Two Worlds II is an epic, open world action-RPG. It’s not the style of game that would normally cause me to think of something with deep multiplayer in multiple shapes and sizes. To be fair, the first Two Worlds also had a multiplayer mode, but few gamers were able to stomach even the single-player quest much less venture online. Along with the many improvements being made to Two Worlds II, developer Reality Pump has put a surprising amount of effort toward crafting interesting multiplayer modes that work within the Two Worlds formula. This week, I had my first chance to try them out.

You start by creating a character. You can’t bring your single-player character online, so any grinding you’ve done and awesome loot you’ve found from the offline game won’t carry over. The upside of that is that you have significantly more customization options for the online game. The single-player storyline requires that your character is human, but for online modes you can pick between several races, including various types of elves and half-orcs.

You also choose a starting class, such as a sword-wielding warrior, a ranger, an earth mage, or a necromancer, but as in the single-player game, you can change your focus at will as you level up by shifting skill points around and equipping new weapons and magic spells. Though your single-player character is stuck in the campaign, you can build multiple characters for online play and take them into any of the various multiplayer modes.

The first and most obvious multiplayer mode is simple cooperative questing. You can from a group of any size between two to eight players to play through a seven-chapter co-op quest that, once again, is completely separate from the single-player game – new quests, characters, and lands form this healthy addition to the overall Two Worlds II content.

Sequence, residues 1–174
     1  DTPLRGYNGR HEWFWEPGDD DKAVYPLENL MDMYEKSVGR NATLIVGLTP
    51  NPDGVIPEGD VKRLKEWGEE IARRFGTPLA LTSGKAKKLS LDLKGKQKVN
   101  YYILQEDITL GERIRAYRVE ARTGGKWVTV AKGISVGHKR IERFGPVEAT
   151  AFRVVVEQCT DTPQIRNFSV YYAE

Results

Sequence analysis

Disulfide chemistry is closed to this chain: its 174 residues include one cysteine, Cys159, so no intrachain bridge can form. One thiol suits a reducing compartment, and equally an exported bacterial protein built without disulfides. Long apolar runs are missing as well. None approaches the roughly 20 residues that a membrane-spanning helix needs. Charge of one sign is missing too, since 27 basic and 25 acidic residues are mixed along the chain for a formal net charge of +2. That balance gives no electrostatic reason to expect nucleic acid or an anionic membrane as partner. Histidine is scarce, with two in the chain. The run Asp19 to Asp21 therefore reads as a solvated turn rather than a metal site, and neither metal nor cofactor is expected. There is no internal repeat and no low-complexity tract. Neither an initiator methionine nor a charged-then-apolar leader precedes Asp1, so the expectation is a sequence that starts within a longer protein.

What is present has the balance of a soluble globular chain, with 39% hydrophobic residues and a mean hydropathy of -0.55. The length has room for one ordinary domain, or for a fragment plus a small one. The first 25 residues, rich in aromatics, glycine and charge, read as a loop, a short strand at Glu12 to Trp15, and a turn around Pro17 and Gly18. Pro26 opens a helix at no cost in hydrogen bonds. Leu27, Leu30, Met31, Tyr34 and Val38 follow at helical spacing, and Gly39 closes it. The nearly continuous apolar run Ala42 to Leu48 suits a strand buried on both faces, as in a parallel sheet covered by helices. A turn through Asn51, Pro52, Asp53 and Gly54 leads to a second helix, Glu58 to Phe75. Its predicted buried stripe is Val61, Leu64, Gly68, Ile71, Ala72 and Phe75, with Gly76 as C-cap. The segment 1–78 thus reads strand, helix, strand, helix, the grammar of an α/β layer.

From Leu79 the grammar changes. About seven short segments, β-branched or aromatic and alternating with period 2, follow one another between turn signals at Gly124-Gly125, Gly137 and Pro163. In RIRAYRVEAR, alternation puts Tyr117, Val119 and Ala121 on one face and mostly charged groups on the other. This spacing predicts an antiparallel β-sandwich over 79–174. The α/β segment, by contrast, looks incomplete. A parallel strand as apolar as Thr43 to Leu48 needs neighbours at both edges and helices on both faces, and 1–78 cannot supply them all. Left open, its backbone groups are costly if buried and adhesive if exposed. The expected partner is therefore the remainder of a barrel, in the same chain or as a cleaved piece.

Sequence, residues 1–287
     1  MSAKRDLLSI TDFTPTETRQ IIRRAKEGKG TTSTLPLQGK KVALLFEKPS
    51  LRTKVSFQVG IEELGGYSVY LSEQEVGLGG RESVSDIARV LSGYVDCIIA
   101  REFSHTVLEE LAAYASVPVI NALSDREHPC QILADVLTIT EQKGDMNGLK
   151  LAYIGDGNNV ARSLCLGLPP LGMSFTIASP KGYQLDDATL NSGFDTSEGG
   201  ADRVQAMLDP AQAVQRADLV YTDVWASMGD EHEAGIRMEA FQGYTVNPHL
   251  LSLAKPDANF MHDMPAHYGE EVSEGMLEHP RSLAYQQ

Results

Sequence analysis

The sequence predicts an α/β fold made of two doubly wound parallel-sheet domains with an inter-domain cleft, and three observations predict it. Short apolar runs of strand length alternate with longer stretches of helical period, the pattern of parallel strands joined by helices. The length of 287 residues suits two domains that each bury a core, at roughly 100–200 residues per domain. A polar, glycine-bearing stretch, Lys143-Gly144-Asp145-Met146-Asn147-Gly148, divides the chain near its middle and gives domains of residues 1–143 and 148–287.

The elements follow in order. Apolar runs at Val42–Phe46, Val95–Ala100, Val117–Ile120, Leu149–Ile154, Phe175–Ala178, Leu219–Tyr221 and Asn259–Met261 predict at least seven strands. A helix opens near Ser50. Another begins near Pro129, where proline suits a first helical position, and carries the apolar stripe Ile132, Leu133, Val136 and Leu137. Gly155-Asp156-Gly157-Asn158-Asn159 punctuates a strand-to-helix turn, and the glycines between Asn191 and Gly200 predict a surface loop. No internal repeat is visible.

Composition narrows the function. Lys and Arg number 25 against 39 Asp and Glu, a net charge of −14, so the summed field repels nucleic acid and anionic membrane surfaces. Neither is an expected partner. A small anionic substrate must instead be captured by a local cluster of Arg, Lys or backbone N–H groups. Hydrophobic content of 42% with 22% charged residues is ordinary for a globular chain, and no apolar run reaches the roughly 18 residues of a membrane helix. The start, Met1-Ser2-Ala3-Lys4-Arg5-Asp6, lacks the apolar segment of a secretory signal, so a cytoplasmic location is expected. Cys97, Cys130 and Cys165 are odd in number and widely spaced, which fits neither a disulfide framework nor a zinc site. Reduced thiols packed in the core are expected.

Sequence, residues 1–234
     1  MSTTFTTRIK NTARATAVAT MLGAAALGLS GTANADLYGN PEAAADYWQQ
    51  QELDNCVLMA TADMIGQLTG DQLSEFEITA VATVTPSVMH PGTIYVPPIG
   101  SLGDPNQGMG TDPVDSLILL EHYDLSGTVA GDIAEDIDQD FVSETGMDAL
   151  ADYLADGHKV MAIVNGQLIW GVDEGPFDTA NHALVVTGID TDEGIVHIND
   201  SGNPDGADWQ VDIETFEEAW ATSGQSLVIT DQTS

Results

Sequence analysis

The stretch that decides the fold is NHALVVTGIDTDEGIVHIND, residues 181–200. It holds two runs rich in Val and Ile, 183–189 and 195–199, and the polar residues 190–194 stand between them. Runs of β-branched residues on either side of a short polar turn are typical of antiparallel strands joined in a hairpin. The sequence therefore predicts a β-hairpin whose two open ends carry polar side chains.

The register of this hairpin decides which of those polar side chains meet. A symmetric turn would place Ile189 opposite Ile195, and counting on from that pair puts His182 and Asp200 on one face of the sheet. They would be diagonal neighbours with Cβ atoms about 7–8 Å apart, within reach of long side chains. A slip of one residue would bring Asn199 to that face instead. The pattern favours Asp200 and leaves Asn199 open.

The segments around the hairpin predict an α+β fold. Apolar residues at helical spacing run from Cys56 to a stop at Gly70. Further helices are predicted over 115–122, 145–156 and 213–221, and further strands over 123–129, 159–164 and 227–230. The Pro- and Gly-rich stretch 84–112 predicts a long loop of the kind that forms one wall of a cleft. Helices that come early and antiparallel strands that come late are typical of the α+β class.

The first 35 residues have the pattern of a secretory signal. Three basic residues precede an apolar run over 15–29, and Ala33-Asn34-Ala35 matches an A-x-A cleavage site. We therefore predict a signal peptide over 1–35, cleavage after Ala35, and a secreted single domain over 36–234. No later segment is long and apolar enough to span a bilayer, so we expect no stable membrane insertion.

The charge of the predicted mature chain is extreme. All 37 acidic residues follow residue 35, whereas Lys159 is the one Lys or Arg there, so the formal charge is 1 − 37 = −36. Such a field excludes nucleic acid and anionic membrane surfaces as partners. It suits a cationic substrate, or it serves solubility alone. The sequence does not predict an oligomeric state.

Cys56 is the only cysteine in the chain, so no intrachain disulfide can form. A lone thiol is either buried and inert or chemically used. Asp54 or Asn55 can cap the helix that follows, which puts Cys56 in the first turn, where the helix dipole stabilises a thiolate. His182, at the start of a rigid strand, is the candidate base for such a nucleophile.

I joined a group of Southpeak and Topware representatives to form a group of six for a quick foray through the first chapter of co-op. My fresh character began at level one, as did a few of my partners, but several level five and six characters joined us as well. As it turned out, this was more than enough manpower to fly through this level, crushing packs of wolves, the occasional stray bear, and some undead monstrosities along the way. The speed with which we destroyed all enemies meant I flew up several levels in the span of minutes.

Again, although your single-player progress is kept separate, your multiplayer characters maintain their increased abilities and new equipment across all modes. The compelling, endless grind of loot improvement carries over to online, but it leads to some slightly awkward moments. At numerous points during our session, we had to pause for players to assign new skill points, upgrade equipment, and purchase from vendors. We spaced these breaks out in such a way that they weren’t too annoying, but I can see it breaking the flow of the game if you’re ready to keep moving but your friends are still working through a bunch of menus.

We had crushed the first chapter of co-op within about half an hour, but I was told that we were also a bit overpowered for this part of the co-op experience. Each of the seven chapters gets progressively harder, encouraging players to level up further and invite more friends in before they take them on. By the end, you’ll probably want to fill out a full eight-person party to avoid struggling.